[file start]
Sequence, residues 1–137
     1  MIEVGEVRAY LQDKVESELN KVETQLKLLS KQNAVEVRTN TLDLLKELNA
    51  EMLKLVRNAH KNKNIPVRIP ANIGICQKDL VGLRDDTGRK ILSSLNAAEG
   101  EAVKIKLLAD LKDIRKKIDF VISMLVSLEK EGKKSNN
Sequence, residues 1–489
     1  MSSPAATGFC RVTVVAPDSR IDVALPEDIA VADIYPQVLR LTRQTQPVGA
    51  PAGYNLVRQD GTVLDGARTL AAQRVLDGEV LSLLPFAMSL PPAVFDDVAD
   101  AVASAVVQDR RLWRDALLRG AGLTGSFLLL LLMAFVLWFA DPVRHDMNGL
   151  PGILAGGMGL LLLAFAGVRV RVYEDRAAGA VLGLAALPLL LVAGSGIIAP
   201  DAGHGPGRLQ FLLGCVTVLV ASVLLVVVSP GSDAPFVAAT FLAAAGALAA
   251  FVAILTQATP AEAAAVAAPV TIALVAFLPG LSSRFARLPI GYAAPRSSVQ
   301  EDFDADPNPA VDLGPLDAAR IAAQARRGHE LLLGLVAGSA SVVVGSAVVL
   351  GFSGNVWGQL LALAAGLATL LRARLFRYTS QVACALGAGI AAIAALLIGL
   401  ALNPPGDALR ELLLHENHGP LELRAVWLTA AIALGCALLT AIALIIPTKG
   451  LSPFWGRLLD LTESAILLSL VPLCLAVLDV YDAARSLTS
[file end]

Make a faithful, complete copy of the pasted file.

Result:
Sequence, residues 1–137
     1  MIEVGEVRAY LQDKVESELN KVETQLKLLS KQNAVEVRTN TLDLLKELNA
    51  EMLKLVRNAH KNKNIPVRIP ANIGICQKDL VGLRDDTGRK ILSSLNAAEG
   101  EAVKIKLLAD LKDIRKKIDF VISMLVSLEK EGKKSNN
Sequence, residues 1–489
     1  MSSPAATGFC RVTVVAPDSR IDVALPEDIA VADIYPQVLR LTRQTQPVGA
    51  PAGYNLVRQD GTVLDGARTL AAQRVLDGEV LSLLPFAMSL PPAVFDDVAD
   101  AVASAVVQDR RLWRDALLRG AGLTGSFLLL LLMAFVLWFA DPVRHDMNGL
   151  PGILAGGMGL LLLAFAGVRV RVYEDRAAGA VLGLAALPLL LVAGSGIIAP
   201  DAGHGPGRLQ FLLGCVTVLV ASVLLVVVSP GSDAPFVAAT FLAAAGALAA
   251  FVAILTQATP AEAAAVAAPV TIALVAFLPG LSSRFARLPI GYAAPRSSVQ
   301  EDFDADPNPA VDLGPLDAAR IAAQARRGHE LLLGLVAGSA SVVVGSAVVL
   351  GFSGNVWGQL LALAAGLATL LRARLFRYTS QVACALGAGI AAIAALLIGL
   401  ALNPPGDALR ELLLHENHGP LELRAVWLTA AIALGCALLT AIALIIPTKG
   451  LSPFWGRLLD LTESAILLSL VPLCLAVLDV YDAARSLTS